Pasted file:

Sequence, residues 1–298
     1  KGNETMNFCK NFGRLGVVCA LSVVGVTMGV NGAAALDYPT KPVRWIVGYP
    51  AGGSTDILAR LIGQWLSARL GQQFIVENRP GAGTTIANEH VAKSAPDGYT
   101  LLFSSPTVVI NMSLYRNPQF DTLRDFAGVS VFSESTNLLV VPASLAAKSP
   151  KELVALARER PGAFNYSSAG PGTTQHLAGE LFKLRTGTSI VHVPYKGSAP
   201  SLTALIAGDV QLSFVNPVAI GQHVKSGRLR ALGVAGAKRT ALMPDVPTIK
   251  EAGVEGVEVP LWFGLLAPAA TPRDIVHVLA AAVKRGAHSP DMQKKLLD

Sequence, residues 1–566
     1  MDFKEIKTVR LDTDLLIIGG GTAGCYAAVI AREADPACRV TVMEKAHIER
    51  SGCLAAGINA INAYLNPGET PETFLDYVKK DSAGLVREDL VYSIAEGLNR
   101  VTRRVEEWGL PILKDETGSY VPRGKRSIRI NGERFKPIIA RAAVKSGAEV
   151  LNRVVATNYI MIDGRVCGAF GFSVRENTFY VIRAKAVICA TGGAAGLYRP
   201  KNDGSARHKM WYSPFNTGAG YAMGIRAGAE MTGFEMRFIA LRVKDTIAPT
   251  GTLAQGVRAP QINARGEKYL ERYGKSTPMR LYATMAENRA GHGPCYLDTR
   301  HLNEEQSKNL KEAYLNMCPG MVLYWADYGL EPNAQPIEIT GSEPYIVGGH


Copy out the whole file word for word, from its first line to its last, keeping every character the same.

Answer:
Sequence, residues 1–298
     1  KGNETMNFCK NFGRLGVVCA LSVVGVTMGV NGAAALDYPT KPVRWIVGYP
    51  AGGSTDILAR LIGQWLSARL GQQFIVENRP GAGTTIANEH VAKSAPDGYT
   101  LLFSSPTVVI NMSLYRNPQF DTLRDFAGVS VFSESTNLLV VPASLAAKSP
   151  KELVALARER PGAFNYSSAG PGTTQHLAGE LFKLRTGTSI VHVPYKGSAP
   201  SLTALIAGDV QLSFVNPVAI GQHVKSGRLR ALGVAGAKRT ALMPDVPTIK
   251  EAGVEGVEVP LWFGLLAPAA TPRDIVHVLA AAVKRGAHSP DMQKKLLD

Sequence, residues 1–566
     1  MDFKEIKTVR LDTDLLIIGG GTAGCYAAVI AREADPACRV TVMEKAHIER
    51  SGCLAAGINA INAYLNPGET PETFLDYVKK DSAGLVREDL VYSIAEGLNR
   101  VTRRVEEWGL PILKDETGSY VPRGKRSIRI NGERFKPIIA RAAVKSGAEV
   151  LNRVVATNYI MIDGRVCGAF GFSVRENTFY VIRAKAVICA TGGAAGLYRP
   201  KNDGSARHKM WYSPFNTGAG YAMGIRAGAE MTGFEMRFIA LRVKDTIAPT
   251  GTLAQGVRAP QINARGEKYL ERYGKSTPMR LYATMAENRA GHGPCYLDTR
   301  HLNEEQSKNL KEAYLNMCPG MVLYWADYGL EPNAQPIEIT GSEPYIVGGH